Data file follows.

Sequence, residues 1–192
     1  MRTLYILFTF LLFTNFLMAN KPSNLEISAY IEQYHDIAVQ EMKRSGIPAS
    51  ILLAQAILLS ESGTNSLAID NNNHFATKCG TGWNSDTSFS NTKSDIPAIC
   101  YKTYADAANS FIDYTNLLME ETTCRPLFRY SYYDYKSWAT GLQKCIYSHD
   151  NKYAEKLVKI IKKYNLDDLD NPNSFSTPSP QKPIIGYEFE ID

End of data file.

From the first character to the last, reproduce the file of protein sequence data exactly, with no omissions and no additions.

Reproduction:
Sequence, residues 1–192
     1  MRTLYILFTF LLFTNFLMAN KPSNLEISAY IEQYHDIAVQ EMKRSGIPAS
    51  ILLAQAILLS ESGTNSLAID NNNHFATKCG TGWNSDTSFS NTKSDIPAIC
   101  YKTYADAANS FIDYTNLLME ETTCRPLFRY SYYDYKSWAT GLQKCIYSHD
   151  NKYAEKLVKI IKKYNLDDLD NPNSFSTPSP QKPIIGYEFE ID